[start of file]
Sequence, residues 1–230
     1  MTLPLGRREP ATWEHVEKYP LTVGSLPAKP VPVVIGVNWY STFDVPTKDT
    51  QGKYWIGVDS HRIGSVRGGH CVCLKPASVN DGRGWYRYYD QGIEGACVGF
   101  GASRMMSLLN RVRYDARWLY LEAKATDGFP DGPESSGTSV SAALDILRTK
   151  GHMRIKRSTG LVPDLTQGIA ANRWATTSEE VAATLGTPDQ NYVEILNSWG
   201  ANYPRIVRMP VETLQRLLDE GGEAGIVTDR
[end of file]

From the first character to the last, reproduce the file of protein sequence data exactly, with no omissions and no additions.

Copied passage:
Sequence, residues 1–230
     1  MTLPLGRREP ATWEHVEKYP LTVGSLPAKP VPVVIGVNWY STFDVPTKDT
    51  QGKYWIGVDS HRIGSVRGGH CVCLKPASVN DGRGWYRYYD QGIEGACVGF
   101  GASRMMSLLN RVRYDARWLY LEAKATDGFP DGPESSGTSV SAALDILRTK
   151  GHMRIKRSTG LVPDLTQGIA ANRWATTSEE VAATLGTPDQ NYVEILNSWG
   201  ANYPRIVRMP VETLQRLLDE GGEAGIVTDR